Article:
Ammonia Emissions from a Commercial Poultry Manure Composting Facility

Zhao, Lingying
Manuzon, Roderick
Darr, Matthew
Darr, Matthew
Keener, Harold
Heber, Albert
Ni, Ji-Qin
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Agricultural and Biosystems Engineering

Composting is an effective waste management technology for converting animal wastes into valuable organic fertilizer. However, air emissions from composting, especially ammonia (NH3) emission, reduces the nitrogen fertilizer value of the compost and greatly impacts the environment. Ammonia emission from commercial composting facilities is not well understood and is limiting mitigation or recovery of NH3 emission from these facilities. The goal of this study was to determine the NH3 emission from a poultry manure compost facility and its temporal variations for development of mitigation strategies. A commercial composting facility was chosen for this study. Manure was supplied from four adjacent manure-belt layer barns. The composting building was tunnel ventilated by four 122-cm exhaust fans. Ammonia concentration at the building inlet and the fan exhausts was monitored quasi-continuously for one month in each of the four seasons using a MSA photoacoustic NH3 analyzer. Air temperature and humidity at the exhausts were monitored using a HOBO temperature and RH sensor and data logger. The exhaust fans were calibrated using FANS units to quantify the ventilation rate of the building. Ammonia emission rate was calculated according to the NH3 concentrations and building ventilation rate. The daily average NH3 concentrations at the exhaust of the compost house varied from 123 ppm in spring to 167 ppm in summer. The daily average NH3 emission rates of the compost facility varied from 231 kg/d in spring to 315 kg/d in summer. Strong diurnal variations exist in spring and summer seasons. Daytime NH3 emission is significantly higher than that of nighttime. The annual NH3 emission rate of the composting facility was estimated as 96,143 kg. The emission factors were calculated as 13±1.3 kg/ton · d and 0.32 ±0.14 g/d · hen. The results of this study will contribute to the development of NH3 emission mitigation technologies and management practices.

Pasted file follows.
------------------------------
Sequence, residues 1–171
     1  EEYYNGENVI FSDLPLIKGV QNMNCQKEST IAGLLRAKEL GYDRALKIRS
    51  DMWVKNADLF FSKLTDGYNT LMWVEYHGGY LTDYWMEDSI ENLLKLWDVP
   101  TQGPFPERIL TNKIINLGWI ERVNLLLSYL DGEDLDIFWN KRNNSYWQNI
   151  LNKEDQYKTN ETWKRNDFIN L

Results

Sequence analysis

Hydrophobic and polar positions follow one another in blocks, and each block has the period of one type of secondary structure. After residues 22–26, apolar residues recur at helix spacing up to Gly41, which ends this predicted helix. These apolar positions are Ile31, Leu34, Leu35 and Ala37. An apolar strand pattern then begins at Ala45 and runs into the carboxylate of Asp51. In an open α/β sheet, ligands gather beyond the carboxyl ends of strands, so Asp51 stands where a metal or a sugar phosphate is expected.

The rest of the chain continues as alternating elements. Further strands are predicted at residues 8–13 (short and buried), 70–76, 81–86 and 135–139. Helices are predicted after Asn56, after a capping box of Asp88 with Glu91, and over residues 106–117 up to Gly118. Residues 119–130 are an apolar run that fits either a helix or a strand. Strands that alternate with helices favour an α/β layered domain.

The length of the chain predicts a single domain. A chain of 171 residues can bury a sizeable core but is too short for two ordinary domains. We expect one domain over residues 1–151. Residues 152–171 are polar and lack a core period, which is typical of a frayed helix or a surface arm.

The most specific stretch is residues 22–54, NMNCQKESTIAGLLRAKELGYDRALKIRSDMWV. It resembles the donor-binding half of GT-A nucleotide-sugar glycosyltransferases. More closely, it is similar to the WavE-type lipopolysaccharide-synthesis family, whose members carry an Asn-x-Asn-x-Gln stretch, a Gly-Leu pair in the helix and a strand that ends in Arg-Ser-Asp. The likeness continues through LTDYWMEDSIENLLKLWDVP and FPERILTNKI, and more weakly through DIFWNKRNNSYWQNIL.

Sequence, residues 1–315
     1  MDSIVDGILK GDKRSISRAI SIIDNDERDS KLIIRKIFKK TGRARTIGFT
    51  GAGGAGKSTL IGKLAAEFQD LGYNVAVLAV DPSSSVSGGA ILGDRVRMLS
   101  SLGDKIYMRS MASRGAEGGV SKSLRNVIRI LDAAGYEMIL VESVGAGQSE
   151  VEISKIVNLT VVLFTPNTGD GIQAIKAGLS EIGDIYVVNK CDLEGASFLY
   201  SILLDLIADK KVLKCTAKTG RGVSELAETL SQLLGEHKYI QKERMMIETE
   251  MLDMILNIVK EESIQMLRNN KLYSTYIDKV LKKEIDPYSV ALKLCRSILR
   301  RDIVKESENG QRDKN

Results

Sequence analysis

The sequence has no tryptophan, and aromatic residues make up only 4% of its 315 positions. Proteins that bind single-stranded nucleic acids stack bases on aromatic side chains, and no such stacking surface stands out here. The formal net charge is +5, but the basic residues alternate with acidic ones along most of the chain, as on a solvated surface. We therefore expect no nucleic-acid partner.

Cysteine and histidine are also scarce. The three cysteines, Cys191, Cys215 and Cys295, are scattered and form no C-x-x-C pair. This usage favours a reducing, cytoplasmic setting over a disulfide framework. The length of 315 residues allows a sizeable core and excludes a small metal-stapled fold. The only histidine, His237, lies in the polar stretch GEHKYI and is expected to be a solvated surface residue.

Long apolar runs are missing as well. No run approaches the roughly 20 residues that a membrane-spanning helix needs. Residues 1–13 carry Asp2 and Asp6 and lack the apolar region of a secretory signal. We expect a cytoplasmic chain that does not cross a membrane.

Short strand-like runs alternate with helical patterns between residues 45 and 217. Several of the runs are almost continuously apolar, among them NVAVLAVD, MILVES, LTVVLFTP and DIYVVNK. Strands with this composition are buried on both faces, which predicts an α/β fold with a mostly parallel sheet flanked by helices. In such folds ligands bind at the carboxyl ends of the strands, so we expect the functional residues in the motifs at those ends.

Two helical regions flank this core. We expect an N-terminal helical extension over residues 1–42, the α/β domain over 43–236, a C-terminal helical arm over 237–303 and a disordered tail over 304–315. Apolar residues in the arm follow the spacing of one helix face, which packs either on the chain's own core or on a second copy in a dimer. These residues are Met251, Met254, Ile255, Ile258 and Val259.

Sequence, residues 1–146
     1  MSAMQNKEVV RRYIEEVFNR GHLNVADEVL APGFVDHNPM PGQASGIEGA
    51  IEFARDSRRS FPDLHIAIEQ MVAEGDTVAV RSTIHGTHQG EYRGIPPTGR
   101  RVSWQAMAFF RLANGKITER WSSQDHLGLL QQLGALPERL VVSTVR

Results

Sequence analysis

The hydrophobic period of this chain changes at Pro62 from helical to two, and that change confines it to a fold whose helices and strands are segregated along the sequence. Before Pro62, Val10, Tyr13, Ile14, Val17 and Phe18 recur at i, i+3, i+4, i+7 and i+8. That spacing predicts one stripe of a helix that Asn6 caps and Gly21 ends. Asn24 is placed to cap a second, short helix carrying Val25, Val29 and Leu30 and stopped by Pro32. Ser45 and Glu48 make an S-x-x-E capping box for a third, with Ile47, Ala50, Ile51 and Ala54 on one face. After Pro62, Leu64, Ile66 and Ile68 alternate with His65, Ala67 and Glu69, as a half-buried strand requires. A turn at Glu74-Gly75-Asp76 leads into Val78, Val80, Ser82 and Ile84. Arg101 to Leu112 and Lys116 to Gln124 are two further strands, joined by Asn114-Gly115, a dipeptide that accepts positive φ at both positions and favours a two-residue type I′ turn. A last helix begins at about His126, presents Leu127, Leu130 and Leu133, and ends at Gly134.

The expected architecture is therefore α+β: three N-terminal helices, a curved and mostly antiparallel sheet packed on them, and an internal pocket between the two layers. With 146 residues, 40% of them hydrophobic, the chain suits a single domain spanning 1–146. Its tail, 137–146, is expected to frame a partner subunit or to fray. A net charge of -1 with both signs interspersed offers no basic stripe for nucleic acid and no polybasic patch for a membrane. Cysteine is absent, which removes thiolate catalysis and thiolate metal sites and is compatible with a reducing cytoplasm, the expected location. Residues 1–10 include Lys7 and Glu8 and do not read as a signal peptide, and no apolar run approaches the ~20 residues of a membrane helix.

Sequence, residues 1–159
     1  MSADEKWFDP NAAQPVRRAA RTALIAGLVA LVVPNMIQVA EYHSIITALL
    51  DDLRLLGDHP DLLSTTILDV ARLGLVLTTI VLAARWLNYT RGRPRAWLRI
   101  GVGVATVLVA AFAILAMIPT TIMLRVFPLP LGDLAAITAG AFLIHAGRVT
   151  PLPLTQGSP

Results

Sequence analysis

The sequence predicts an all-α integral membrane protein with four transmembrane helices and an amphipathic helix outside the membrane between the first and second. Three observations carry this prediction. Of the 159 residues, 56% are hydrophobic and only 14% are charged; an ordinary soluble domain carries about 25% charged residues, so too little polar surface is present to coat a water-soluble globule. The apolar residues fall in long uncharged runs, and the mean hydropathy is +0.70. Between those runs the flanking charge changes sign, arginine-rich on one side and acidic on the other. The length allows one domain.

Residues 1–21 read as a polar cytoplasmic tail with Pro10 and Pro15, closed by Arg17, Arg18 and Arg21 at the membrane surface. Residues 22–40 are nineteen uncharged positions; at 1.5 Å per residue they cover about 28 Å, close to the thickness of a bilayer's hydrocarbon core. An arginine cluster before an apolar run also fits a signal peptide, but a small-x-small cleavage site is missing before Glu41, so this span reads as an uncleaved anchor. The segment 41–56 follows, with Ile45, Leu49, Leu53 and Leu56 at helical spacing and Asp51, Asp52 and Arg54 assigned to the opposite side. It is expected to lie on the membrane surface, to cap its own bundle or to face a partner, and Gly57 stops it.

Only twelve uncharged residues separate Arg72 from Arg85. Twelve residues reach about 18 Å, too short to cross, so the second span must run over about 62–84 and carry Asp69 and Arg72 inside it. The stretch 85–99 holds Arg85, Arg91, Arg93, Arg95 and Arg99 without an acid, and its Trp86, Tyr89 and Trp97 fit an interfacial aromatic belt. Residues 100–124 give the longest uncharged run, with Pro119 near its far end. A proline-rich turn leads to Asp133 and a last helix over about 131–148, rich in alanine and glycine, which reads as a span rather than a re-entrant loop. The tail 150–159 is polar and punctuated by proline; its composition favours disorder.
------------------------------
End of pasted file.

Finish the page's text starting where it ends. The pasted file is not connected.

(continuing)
This proceeding is from Pp 41-48 in Livestock Environment VIII, Proceedings of the International Symposium. (31 August – 4 September 2008, Iguassu Falls, Brazil) St. Joseph Michigan: ASABE. ,31 August 2008 . ASAE Pub #701P0408.